Your shopping rights

Skip listen and sharing tools

Note: the purpose of this page is to provide community and advocacy organisations with an English-language version of the equivalent pages in our Other languages section. For our full information on your shopping rights, view our Products and services.

My consumer rights videos (English) - Consumer Affairs Victoria YouTube channel

Information on your rights under the Australian Consumer Law

When can I get a refund?

If there is a problem with goods you have bought, the store may have to provide a replacement, refund, repair or other type of ‘remedy’. The type of remedy available depends on the problem.

What problems should the store fix?

It’s faulty

You are entitled to return a faulty item, as goods and services must be of acceptable quality.

An item is faulty if it:

  • does not do what it’s normally supposed to – for example, my toaster doesn’t toast bread
  • has a defect – my toaster’s timer knob fell off soon after I bought it
  • is unacceptable in appearance or finish – my toaster is scratched
  • is unsafe – sparks fly out of my toaster
  • isn’t durable – my toaster broke down only three months after I bought it

You are not entitled to return an item when:

  • the store told you (or displayed a sign) about hidden defects before you bought it
  • you examined the item before buying and didn’t find defects you should have noticed
  • you used the item in an ‘abnormal’ way, or
  • you have used the item for a very long time.

I only found out it was faulty after I used it

You can return a faulty item even if you have:

  • worn or used it
  • removed the tags or labels, or
  • removed it from the original packaging.

I bought a shirt and wore it a few times, but the dye ran the first time I washed it, even though I followed the instructions on the label.

It doesn’t match the sample or demonstration model

When you buy an item based on a sample or demonstration model, it must match that sample. If the item is so different you would not have bought it, you are entitled to a refund.

I ordered a couch based on a fabric sample, but when it arrived, it was a different colour to the sample.

It doesn’t match the description

The item must match its description (for example, on thelabel or in a TV commercial). If it is so different from the description that you would not have bought it, you are entitled to a refund.

I bought a wallet described as `leather’ in the store’s catalogue. When I got home, I discovered it was actually vinyl.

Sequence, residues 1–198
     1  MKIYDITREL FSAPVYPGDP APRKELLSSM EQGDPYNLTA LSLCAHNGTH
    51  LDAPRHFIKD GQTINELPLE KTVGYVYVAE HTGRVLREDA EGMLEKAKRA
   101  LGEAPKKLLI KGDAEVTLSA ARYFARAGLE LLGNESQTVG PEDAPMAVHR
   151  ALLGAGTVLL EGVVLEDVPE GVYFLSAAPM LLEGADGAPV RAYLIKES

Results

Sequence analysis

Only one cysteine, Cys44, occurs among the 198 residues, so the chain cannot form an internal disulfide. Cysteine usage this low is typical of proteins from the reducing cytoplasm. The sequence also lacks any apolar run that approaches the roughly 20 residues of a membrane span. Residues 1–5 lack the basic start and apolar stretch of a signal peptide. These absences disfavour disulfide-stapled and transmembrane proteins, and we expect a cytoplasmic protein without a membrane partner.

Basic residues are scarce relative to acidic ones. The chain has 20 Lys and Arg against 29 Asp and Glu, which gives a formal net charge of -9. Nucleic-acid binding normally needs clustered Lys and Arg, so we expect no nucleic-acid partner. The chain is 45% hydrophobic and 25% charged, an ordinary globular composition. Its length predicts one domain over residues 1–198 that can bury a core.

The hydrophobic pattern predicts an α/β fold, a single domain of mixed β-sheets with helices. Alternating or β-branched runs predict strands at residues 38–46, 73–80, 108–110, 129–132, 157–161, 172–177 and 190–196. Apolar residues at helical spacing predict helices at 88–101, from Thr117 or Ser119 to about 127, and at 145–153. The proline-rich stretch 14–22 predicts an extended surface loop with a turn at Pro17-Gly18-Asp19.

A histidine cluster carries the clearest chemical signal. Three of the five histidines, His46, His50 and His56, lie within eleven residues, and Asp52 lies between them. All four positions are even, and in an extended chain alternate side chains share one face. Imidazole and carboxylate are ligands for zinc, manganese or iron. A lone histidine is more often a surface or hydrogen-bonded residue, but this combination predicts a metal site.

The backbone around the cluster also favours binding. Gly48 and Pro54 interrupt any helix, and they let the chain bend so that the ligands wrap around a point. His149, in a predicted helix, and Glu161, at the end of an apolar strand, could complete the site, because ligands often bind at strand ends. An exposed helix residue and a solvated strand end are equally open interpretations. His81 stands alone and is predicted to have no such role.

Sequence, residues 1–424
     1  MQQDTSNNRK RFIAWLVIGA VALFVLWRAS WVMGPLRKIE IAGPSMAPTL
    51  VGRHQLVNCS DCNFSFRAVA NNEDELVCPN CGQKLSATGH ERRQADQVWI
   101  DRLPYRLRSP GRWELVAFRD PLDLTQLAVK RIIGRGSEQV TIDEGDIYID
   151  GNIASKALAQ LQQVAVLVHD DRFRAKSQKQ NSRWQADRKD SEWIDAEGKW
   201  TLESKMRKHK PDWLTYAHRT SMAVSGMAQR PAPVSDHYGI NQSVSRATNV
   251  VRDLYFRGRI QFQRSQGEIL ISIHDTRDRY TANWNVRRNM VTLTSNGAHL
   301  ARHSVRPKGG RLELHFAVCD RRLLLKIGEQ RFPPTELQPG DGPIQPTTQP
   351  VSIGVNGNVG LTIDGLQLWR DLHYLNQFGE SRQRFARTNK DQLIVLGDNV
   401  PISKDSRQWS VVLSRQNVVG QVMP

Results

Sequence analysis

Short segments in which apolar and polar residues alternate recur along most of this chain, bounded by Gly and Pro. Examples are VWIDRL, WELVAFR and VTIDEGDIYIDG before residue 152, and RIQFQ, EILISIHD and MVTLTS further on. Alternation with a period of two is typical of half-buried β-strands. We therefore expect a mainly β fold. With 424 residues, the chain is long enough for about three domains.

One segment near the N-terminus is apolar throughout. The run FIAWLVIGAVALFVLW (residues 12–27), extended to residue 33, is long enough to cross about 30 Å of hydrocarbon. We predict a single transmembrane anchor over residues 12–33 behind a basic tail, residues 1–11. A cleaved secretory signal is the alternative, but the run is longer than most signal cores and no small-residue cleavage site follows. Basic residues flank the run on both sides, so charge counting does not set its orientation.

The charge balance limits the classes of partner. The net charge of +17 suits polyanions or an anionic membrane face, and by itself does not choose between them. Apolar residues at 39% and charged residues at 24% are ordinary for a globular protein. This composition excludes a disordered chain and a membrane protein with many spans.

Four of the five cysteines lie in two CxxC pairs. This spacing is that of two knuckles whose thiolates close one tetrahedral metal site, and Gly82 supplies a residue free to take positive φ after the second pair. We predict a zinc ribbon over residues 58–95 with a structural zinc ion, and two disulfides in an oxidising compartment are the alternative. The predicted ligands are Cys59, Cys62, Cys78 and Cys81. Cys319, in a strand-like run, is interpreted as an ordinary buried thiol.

It doesn’t do what the salesperson said

You can return an item if it doesn’t do what the salesperson told you it would.

I bought a watch, which the salesperson said I could use when diving – but when I wore it in the sea, it filled up with water.

It doesn’t do what I asked for

You can return an item that doesn’t do a specific job or achieve a specific purpose if:

  • before buying, you told the salesperson what you wanted it to be able to do, and
  • you relied on the store’s advice when choosing the item.

I told a car dealer I wanted a car that could tow my boat. The dealer sold me one, saying it would do the job. That night I read the safety manual and found the new car can’t safely tow any boat.

I changed my mind

A store doesn’t have to allow you to return an item you have simply changed your mind about. However, some stores have their own in-store policy to offer a refund, exchange or credit note for ‘change-of-mind’ purchases.

I don’t have a receipt

You need to prove the item was purchased from that business. If you don’t have the cash register receipt, you can show, for example:

  • a credit card statement
  • a lay-by agreement
  • a confirmation or receipt number from a phone or online purchase.

I received it as a gift

Gift recipients have the same refund rights as customers who buy directly – but you can only return the item if you have proof of purchase. See above.

I bought it on sale

You have the same refund rights on sale items as you do on full-priced items. This is why it is illegal to display a ‘no refunds on sale items’ sign.

However, you can’t claim a refund for problems the store told you about, or those you should have noticed when examining the item – for example, a tag attached to a shirt saying it is ‘reduced – faulty stitching’.

Examples of `on sale’ items include items:

  • that are discounted
  • on the `samples and seconds’ rack
  • bought from a factory outlet.

I bought it secondhand

From a store: You have the same refund rights on second-hand purchases as you do for new items, but you must take into account the item’s age, price and condition at the time of sale.

From a private seller: The seller has no obligation to refund, replace or repair the item you bought from them (for example, at a garage sale or through a classifieds ad).

I bought it online

If you bought from an Australian business online, you have the same refund rights as when buying from a shop – unless you bought the item from a private seller. See above.

I am entitled to a remedy. Do I get a refund, repair or replacement?

It depends if the problem is:

Major – it can’t be fixed, or would take too long or is too difficult to fix

You can choose to:

  • return the item and choose a refund or replacement, or
  • keep the item and get compensation for the drop in value.

Minor – it can be fixed within a reasonable time

You must give the store the chance to fix the problem. They choose whether to refund, repair or replace. If the store chooses to repair the item, it is their responsibility to return it to (and deal with) the manufacturer.

If the store takes too long or refuses to fix the problem, you can:

  • return the item and ask for a refund or replacement, or
  • get someone else to repair the item and ask the store to pay reasonable costs.

Further information

For more information, view our Shopping section.